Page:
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Element Click Intercepted | Basics & Recommendations to Fix It

The problem of element click intercepted is quite common and needs to be addressed. This article focuses on its basics and ways to solve it.

Introduction:

The "element click intercepted" problem typically occurs in web automation or testing scenarios when a script or program attempts to interact with a web element (such as a button or link) on a webpage, but another element overlies or obstructs it. As a result, the intended element cannot be clicked or accessed by the automation tool or script.

When does Element Click Intercepted occur?

This issue commonly arises in dynamic web pages where elements or pop-ups can appear or move dynamically based on user interactions or other events. If an element that is targeted for interaction becomes covered or obscured by another element before the automation tool or script attempts to click it, an element click error is raised. This error is a safety mechanism built into web browsers to prevent malicious or unexpected interactions with web pages. It ensures that user actions, such as clicking on buttons or links, are not inadvertently intercepted by unwanted elements.

How to Solve this Problem?

There are several things that you can do to address this issue. Let's go through them one by one:

 

1. If this error occurs due to pop-ups or overlays, handle them appropriately in your automation script. This may involve dismissing or closing the interfering element before attempting to click the desired element.

2. Inspect the webpage's Document Object Model (DOM) structure to identify potential elements that could be interfering with the target element. Make necessary adjustments to prevent overlaps or conflicts.

3. If feasible, adjust the CSS or layout of the webpage to ensure that the target element is not obscured by other overlapping components.

4. Before trying the click action, use strategies such as waiting for a certain condition (e.g., element visibility or existence). This method gives the element time to become accessible.

5. Incorporate explicit waiting mechanisms, like timeouts or polling intervals, into your automation script to guarantee that the target element is fully loaded and available for interaction.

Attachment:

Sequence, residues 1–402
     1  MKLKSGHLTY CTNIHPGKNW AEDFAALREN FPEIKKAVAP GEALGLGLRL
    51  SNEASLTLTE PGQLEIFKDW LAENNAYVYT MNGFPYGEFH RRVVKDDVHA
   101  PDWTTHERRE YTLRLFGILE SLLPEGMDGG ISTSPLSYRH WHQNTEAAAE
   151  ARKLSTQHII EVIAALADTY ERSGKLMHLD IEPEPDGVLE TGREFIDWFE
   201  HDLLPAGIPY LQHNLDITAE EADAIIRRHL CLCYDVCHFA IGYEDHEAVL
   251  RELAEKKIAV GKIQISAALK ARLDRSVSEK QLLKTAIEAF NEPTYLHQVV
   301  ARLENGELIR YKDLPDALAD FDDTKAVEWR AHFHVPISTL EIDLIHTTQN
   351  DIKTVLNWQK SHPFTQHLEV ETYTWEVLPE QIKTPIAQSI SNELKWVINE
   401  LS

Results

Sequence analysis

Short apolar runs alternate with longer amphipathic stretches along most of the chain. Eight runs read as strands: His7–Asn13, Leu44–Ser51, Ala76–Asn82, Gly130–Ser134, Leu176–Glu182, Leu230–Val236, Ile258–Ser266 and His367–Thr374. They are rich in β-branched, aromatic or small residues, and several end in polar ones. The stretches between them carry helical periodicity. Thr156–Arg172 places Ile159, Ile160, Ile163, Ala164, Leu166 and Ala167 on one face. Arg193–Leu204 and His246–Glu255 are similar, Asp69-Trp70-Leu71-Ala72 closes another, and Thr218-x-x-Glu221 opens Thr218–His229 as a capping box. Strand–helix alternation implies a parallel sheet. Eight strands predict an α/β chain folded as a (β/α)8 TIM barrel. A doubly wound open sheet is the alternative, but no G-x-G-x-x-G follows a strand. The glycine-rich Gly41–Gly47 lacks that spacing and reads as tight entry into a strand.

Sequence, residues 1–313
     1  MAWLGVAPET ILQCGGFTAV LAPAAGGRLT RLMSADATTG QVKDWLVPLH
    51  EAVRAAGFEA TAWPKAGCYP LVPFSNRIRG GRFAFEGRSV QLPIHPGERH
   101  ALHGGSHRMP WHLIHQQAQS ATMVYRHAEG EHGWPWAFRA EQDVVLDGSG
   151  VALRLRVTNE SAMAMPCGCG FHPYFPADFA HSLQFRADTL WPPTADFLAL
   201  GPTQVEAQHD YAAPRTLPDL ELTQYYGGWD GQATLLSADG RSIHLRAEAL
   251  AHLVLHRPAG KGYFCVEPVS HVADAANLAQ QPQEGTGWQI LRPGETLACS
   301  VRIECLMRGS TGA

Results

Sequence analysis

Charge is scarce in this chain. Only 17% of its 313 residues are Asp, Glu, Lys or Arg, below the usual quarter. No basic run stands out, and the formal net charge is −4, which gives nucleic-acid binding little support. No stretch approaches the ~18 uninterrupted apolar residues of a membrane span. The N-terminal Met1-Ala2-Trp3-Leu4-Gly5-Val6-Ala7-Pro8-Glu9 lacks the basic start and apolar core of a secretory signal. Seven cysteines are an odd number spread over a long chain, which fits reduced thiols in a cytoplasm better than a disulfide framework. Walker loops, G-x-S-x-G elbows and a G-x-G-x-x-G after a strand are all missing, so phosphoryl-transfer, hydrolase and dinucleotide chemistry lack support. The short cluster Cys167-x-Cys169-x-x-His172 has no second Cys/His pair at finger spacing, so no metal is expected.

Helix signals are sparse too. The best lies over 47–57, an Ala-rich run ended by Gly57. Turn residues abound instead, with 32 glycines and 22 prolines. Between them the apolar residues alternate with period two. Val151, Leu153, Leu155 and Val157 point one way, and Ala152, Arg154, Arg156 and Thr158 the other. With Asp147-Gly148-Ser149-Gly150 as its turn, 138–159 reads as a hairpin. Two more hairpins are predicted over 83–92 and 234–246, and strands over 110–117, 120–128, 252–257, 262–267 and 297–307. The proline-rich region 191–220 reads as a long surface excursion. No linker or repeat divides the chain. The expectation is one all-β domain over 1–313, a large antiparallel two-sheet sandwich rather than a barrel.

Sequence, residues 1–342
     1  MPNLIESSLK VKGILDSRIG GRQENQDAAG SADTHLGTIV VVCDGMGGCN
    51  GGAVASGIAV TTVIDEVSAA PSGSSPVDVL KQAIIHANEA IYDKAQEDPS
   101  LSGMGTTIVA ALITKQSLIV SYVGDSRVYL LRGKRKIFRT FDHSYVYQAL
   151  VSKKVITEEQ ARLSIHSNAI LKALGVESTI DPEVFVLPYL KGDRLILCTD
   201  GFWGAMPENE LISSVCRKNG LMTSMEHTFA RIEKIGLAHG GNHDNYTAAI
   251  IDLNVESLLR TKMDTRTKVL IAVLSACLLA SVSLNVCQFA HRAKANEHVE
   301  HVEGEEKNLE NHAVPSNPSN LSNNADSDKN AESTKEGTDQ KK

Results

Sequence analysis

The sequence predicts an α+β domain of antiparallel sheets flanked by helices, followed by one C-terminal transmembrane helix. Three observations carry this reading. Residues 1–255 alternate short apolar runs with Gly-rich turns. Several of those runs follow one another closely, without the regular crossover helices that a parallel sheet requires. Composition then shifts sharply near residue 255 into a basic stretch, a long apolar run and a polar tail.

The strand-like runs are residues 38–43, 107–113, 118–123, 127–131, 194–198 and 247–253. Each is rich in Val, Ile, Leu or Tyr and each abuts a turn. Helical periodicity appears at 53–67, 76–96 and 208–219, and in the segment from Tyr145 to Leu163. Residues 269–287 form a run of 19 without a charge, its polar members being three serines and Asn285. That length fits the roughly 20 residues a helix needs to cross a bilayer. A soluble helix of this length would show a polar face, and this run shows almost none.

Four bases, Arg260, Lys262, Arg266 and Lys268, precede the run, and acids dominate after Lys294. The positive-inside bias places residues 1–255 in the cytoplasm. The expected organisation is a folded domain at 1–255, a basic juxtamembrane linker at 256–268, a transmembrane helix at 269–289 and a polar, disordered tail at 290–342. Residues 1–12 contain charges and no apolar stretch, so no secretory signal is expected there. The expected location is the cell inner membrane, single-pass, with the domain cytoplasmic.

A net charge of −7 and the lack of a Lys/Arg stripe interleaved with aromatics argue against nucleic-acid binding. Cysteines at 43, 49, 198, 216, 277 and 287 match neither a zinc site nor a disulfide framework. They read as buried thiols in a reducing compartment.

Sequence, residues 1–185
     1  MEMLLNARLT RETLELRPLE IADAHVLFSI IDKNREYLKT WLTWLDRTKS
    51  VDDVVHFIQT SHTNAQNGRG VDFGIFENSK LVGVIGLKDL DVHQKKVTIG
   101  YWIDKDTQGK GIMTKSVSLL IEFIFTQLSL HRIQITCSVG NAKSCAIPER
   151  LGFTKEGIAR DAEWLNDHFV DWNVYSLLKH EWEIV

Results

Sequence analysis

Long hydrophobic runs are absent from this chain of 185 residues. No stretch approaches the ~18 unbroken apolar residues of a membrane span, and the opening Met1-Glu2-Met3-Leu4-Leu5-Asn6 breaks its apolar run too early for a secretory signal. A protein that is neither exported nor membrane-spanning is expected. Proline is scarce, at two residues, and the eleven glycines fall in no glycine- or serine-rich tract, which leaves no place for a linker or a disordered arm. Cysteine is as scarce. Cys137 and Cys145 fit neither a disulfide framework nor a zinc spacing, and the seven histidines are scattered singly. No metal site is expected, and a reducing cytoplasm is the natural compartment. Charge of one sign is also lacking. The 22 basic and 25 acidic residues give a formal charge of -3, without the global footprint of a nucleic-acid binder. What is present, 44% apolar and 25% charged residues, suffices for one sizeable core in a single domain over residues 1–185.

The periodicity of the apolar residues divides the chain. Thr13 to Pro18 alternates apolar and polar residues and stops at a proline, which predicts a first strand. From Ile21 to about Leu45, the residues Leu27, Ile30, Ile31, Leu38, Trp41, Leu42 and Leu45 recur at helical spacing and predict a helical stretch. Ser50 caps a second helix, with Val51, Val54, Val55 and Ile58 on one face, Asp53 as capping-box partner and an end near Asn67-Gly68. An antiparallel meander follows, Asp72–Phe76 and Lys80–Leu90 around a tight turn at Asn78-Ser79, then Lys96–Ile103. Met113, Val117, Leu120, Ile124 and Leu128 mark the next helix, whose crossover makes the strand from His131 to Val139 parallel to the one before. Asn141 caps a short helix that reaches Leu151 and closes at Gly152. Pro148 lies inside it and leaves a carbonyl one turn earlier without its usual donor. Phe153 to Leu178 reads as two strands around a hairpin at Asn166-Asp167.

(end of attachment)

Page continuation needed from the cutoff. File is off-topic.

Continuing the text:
6. If the target element is not immediately visible on the webpage, you can use the "scrollIntoView" method to bring it into the visible area before attempting the click action. This ensures that the element is not hidden or obstructed by other elements.

7. Instead of relying on the standard click function provided by the automation tool or framework, you can execute a JavaScript click event on the target element. This method bypasses any potential interception issues caused by overlaying elements.

8. You can try triggering the click event on the parent elements if the target element is nested within other elements. By clicking on a higher-level element, you might be able to bypass any obstructions caused by child elements.

9. If the interfering element has a higher z-index or is positioned in front of the target element using CSS properties, you can modify those properties to adjust the layering and ensure that the target element becomes accessible.

10. If the element click interception occurs due to incorrect or ambiguous selectors, try using different methods to locate the target element. For example, you can use XPath, CSS selectors, or other element identification strategies to pinpoint the desired element more accurately.

 

Sometimes, the interception occurs due to event propagation, where an event triggered on one element also triggers events on other elements. You can stop the event propagation using JavaScript methods like stopPropagation() or preventDefault() to prevent interference with the target element. We also want o stress that the specific solution may depend on the context and nature of the web application you are automating. Experimenting with different approaches and considering the unique characteristics of the webpage can help you find the most effective solution for the "element click intercepted" problem.

Conclusion:

We can wrap by stating that the element click intercepted occurs when you attempted to click an element, which might have been a button, radio button, checkbox, or just a click action. When the target element that you intend to click is overlaid by another element on the web page, this error prompt pops up and by following the above recommendations, one can avoid it. At WeTest, such errors and miscalculated results are taken care of through vigorous testing methods and inbuilt tools to get the best possible products that can be released to the masses. Their services of testing with real devices get the best possible deep insights and also give access to WeTest’s own iOS and Android Real Device Cloud. Moreover, the test is carried out on a large number of trending hardware in the smartphone industry.

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